The Wire

  • New tunnel, premium RV section at Talladega Superspeedway on schedule despite weather

    Excerpt:

    Construction of a new oversized vehicle tunnel and premium RV infield parking section at Talladega Superspeedway is still on schedule to be completed in time for the April NASCAR race, despite large amounts of rainfall and unusual groundwater conditions underneath the track.

    Track Chairman Grant Lynch, during a news conference Wednesday at the track, said he’s amazed the general contractor, Taylor Corporation of Oxford, has been able to keep the project on schedule.

    “The amount of water they have pumped out of that and the extra engineering they did from the original design, basically to keep that tunnel from floating up out of the earth, was remarkable,” Lynch said.

  • Alabama workers built 1.6M engines in 2018 to add auto horsepower

    Excerpt:

    Alabama’s auto workers built nearly 1.6 million engines last year, as the state industry continues to carve out a place in global markets with innovative, high-performance parts, systems and finished vehicles.

    Last year also saw major new developments in engine manufacturing among the state’s key players, and more advanced infrastructure is on the way in the coming year.

    Hyundai expects to complete a key addition to its engine operations in Montgomery during the first half of 2019, while Honda continues to reap the benefits of a cutting-edge Alabama engine line installed several years ago.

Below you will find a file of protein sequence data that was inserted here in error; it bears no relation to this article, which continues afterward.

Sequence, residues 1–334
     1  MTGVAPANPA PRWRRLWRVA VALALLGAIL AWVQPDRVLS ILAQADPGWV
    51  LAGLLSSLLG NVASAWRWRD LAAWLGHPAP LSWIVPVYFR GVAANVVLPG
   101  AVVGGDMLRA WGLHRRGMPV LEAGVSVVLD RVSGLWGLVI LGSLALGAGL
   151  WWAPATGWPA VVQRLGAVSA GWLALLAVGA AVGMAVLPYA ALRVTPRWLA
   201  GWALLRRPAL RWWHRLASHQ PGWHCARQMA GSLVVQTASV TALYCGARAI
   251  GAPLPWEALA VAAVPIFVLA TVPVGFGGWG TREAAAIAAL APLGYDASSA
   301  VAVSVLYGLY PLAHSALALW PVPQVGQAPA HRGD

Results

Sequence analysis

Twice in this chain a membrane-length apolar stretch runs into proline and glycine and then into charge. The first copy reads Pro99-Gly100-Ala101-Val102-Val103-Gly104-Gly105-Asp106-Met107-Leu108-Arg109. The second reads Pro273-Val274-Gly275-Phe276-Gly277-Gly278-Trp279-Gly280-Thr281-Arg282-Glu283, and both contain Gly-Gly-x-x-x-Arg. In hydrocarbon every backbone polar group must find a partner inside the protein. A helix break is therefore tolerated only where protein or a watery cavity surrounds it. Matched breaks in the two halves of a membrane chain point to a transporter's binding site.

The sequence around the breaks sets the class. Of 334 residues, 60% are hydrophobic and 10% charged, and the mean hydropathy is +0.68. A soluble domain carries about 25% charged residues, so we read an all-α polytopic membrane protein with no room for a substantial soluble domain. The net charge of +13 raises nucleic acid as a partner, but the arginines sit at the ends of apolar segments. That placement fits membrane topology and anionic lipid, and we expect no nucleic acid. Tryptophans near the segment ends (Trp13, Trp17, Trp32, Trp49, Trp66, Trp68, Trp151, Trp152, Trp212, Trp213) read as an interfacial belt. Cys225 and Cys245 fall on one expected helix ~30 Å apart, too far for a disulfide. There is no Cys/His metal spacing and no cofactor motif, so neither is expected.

• Groundbreaking on Alabama’s newest aerospace plant made possible through key partnerships

    Excerpt:

    Political and business leaders gathered for a groundbreaking at Alabama’s newest aerospace plant gave credit to the formation of the many key partnerships that made it possible.

    Governor Kay Ivey and several other federal, state and local officials attended the event which celebrated the construction of rocket engine builder Blue Origin’s facility in Huntsville.

3 weeks ago

Less outrage, more leadership

(I. Omar/Facebook, APT/YouTube, YHN)

Time and again over the past few years, we have witnessed a disturbing trend among liberals, namely that if you don’t agree with their positions that you are to be silenced, boycotted, or removed. This past weekend, the Executive Committee of the Alabama Republican Party jumped into the liberal playbook feet first when it passed a resolution calling for Rep. Ilhan Omar (D-MN) to be ousted from Congress.

As I write this, I imagine that some of my GOP brethren around the State are slack jawed that I would say such a thing. So, before you espouse my demise as a conservative, let’s be clear: I am an individual with unquestioned credentials as a conservative, a Christian and a Republican. I find Congresswoman Omar to be generally reprehensible, a fomenter of chaos, and a person with whom I have yet to find agreement. I also find her opinions to be protected under the First Amendment of the US Constitution……and that, my conservative friends, is what really matters.

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Winston Churchill, never one to mince words, said “Everyone is in favor of free speech. Hardly a day passes without its being extolled, but some people’s idea of it is that they are free to say what they like, but if anyone else says anything back, that is an outrage.” What we need is less outrage, and more leadership with willingness to debate.